Mansueto Names Tebeau Publisher of Inc. Magazine

John Tebeau has been named publisher of Inc. magazine, effective immediately, according to Mansueto Ventures, which publishes both Inc. and Fast Company magazine. Mansueto CEO John Koten remarked: Under John's leadership, several new advertisers appeared in Inc. in the first quarter of 2007, including Comcast, Ketel One Vodka, Nissan Altima, Northern Trust, BMW, Wachovia, American Chemistry Council and UPS. His drive and vision will be instrumental in leading our advertising sales team as we continue to expand the Inc. brand with new ventures and programs." Tebeau was hired in 2005 as national sales director.

Affluent Regional Magazine Readership in 87 Markets

Affluent Regional Magazine Readership in 87 Markets

According to a new report by The Media Audit, Texas Monthly, which is read by more than two million adults across the state of Texas, reaches 38.7% of all adults in San Antonio who earn $75,000 or more in household income, making it the number one publication in reaching affluent households among The Media Audit's 87 measured markets.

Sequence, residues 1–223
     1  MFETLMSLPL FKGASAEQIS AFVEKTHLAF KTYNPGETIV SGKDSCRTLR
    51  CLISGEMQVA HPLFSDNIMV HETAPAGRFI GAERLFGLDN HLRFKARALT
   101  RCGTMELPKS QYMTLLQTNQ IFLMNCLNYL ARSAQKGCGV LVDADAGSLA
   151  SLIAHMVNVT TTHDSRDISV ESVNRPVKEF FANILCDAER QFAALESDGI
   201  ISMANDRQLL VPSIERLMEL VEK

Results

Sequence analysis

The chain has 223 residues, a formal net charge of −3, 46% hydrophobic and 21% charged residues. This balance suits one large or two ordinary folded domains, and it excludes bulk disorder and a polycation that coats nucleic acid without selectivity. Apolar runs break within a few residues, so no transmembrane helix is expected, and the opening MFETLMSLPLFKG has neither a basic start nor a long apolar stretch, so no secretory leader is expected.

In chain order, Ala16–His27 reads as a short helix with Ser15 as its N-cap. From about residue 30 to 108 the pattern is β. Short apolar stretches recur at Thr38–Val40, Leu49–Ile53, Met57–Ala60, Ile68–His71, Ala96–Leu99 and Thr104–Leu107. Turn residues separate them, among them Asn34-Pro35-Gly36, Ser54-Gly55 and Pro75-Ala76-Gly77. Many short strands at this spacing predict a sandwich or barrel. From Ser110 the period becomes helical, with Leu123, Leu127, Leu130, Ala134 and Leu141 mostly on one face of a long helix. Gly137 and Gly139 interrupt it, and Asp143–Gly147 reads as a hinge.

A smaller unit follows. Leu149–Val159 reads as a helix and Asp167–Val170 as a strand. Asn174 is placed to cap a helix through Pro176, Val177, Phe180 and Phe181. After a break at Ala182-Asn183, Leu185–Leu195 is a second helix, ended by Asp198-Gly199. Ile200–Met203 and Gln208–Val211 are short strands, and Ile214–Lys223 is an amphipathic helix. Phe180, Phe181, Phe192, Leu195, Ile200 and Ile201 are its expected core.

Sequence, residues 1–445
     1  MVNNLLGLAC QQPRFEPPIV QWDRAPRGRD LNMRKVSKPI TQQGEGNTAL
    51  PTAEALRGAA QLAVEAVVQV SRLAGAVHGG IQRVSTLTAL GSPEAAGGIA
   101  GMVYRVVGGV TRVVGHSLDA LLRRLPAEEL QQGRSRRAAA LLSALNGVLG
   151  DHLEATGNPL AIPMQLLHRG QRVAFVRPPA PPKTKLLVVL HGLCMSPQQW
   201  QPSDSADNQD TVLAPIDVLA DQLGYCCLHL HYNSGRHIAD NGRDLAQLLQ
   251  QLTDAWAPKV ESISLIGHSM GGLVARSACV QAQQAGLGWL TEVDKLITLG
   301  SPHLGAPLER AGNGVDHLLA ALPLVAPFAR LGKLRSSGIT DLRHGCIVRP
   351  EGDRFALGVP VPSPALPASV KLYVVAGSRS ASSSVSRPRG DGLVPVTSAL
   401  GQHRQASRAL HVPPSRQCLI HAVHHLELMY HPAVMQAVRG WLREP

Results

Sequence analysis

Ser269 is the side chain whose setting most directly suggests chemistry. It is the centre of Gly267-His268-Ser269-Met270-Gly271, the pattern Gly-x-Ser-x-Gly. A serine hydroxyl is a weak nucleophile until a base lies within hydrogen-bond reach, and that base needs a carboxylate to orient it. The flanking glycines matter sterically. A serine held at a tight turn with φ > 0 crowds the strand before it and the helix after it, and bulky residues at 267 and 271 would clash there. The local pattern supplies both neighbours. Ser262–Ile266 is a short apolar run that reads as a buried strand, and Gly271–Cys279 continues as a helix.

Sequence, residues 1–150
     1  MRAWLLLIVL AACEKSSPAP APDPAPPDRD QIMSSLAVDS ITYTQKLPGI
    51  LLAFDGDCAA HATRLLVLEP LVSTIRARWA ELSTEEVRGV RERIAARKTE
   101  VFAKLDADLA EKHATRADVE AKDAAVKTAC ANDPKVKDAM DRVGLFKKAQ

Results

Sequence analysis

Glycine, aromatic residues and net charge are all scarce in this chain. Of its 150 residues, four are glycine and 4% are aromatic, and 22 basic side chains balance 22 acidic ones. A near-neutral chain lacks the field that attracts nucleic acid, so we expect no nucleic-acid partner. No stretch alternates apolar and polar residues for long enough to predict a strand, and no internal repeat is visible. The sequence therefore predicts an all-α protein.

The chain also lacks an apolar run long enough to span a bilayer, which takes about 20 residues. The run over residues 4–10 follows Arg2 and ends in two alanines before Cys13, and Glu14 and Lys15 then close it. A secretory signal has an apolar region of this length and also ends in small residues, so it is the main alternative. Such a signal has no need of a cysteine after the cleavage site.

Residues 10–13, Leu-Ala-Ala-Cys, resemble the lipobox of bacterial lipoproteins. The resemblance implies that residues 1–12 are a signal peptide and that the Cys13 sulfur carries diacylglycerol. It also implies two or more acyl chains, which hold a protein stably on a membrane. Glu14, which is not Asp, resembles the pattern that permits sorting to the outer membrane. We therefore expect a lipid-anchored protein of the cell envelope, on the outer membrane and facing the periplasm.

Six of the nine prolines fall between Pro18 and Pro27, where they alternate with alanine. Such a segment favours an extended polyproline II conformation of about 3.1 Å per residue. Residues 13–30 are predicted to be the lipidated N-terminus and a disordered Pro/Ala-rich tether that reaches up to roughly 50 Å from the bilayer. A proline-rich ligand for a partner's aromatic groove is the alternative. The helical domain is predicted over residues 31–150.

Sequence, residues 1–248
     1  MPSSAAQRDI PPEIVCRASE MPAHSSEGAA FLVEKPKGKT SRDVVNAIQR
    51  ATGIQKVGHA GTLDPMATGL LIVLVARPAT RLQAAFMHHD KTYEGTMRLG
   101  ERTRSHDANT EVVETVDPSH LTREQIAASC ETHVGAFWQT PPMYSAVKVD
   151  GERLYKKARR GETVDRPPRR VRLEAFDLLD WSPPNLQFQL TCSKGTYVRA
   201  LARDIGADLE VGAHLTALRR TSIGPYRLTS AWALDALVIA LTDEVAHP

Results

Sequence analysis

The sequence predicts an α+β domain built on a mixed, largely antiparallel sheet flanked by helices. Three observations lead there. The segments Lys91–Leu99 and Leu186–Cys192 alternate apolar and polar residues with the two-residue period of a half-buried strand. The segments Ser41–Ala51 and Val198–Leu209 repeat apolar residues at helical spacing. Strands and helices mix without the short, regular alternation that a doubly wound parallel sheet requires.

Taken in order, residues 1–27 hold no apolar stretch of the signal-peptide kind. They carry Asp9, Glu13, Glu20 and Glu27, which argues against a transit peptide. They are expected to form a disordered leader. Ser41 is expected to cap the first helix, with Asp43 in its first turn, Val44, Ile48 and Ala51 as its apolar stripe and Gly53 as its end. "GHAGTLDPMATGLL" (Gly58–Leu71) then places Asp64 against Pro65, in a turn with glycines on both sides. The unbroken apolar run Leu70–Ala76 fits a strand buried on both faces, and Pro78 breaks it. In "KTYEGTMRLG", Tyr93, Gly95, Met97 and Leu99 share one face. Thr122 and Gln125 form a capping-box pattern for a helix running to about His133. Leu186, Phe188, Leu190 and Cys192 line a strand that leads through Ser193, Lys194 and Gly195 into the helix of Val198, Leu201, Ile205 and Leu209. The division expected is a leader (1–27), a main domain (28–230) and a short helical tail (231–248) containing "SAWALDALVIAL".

And Austin came in second! The surveys, through March 2007, found that Texas Monthly in Austin ranked second in reaching affluent households (38.2% of affluent households read one or more of the past four issues). Affluent households are defined as those adults who earn $75,000 or more in household income. Next are:

Texas Monthly in Houston (33.5%)
Tucson Lifestyle (31.7%)
Boston Magazine (31.6%)

The conversion rate used by The Media Audit (the percent of total readers who are likely to read every issue) points to the loyalty or frequency of exposure of a media's audience. Among the affluent reading the Texas Monthly in San Antonio and the Tucson Lifestyle, more than three quarters of the total readers also read the past issue, suggesting that these publication's affluent readers are very likely to be exposed to every issue, concludes the report.

Bob Jordan, President of Houston-based International Demographics, Inc., comments, "The degree of audience loyalty for these City and Regional Magazines is significant when you compare them to other media such as radio or television..."

Rounding out the top ten publications reaching affluent households one or more times in the previous four issues are:

Pittsburgh Magazine (30.6% of affluent adults)
D Magazine in Dallas-Ft. Worth (30.4%)